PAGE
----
Updated: Aug 29
In a recent interview on the Aart Podcast, artist Maria Josenhans highlighted the difference between painting a "postcard" and painting a "painting." The "postcard" is the most obvious, the first painting that you think of when you see a landscape. It is the clear silhouette of the mountain or the expansive vista over the hillside. It is the beautiful view that represents the idea of a place. You can put on a postcard, send it to friends and family, and everyone will recognize where you have been. The "painting," on the other hand, is what you paint after looking past this most obvious, postcard motif. It is what emerges when you let go of the idea of what you "should" paint and allow yourself to become immersed in the scene in front of you.
As an artist who often paints San Francisco, I feel the weight of the expectation to paint "postcards." The city is full of them - from the Golden Gate Bridge, to the Painted Ladies, to Coit Tower and the Transamerica Pyramid. I feel lucky to be in a city with so many beautiful landmarks, but at the same time they pose a challenge. These places have have already been captured and interpreted through the eyes of many artists. They are so iconic that one can fall into the trap of simply painting them as they have been painted time and time again, rather than painting what is true to our visual experience in the moment.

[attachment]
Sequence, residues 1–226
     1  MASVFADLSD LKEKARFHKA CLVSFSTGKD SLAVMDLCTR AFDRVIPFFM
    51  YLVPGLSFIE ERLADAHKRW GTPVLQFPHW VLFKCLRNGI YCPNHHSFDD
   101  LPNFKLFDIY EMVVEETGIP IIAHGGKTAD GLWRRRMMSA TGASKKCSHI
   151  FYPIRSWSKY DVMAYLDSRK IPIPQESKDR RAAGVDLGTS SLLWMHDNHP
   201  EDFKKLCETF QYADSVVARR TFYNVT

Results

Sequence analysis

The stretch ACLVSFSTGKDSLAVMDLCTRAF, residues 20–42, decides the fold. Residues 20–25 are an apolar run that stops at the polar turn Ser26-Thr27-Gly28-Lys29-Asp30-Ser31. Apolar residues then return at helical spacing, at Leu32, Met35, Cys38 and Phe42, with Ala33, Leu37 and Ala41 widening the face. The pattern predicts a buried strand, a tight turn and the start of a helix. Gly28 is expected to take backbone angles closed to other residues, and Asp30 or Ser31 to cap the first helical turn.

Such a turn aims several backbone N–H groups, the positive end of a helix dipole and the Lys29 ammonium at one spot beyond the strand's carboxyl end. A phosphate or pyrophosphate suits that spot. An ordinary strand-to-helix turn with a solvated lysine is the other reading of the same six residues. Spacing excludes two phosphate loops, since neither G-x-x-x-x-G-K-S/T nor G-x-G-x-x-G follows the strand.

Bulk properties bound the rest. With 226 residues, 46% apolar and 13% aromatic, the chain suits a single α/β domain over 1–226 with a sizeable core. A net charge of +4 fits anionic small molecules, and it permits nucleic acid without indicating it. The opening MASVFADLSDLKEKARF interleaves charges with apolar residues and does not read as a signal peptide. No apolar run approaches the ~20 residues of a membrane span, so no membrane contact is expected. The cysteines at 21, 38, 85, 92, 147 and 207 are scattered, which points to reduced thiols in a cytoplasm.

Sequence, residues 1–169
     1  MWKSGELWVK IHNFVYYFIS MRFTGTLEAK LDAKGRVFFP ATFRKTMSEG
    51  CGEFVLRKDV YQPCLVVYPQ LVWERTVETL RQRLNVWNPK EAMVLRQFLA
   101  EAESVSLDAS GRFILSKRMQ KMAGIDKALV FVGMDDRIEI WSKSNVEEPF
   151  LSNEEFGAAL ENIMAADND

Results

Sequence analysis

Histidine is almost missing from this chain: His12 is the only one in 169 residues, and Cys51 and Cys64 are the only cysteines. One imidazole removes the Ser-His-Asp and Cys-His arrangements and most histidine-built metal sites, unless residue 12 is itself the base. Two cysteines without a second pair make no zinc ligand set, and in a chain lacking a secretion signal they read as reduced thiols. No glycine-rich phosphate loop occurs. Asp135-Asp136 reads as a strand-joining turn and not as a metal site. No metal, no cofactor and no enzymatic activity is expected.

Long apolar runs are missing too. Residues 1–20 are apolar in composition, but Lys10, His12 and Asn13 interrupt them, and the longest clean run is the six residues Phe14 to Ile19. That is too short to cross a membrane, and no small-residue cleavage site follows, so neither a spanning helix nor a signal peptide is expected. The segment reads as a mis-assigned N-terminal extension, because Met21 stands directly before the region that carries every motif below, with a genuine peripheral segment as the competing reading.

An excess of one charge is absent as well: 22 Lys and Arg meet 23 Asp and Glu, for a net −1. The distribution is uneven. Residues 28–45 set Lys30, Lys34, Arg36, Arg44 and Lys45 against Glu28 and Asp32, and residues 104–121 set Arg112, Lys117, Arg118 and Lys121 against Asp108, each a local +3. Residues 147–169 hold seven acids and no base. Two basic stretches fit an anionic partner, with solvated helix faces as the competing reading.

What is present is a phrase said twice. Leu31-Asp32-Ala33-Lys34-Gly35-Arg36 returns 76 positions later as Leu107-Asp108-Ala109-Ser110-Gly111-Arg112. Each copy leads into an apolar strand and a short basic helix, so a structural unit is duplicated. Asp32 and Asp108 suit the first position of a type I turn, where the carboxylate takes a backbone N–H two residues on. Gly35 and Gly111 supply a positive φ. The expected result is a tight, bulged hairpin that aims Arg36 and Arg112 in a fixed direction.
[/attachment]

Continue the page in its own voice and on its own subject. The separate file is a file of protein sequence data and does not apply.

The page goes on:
For this reason, I often look for the image beyond the postcard. Instead of painting the most obvious landmarks, I focus on lesser-known parts of the city I find personally meaningful. I paint the corner stores that I walk by each day, the street bathed in golden light that I pass on my way to dinner, the view from my window of my neighbor's house at dawn. These scenes reflect my personal relationship with the city, giving space for my voice to emerge. It draws from my lived experience to create a deeper, more subtle, more intimate connection with the motif.
The result may not be widely recognizable. The causal observer may not even realize it is San Francisco. But the resulting image will have a sense of potency and intimacy that I often find more compelling than any postcard.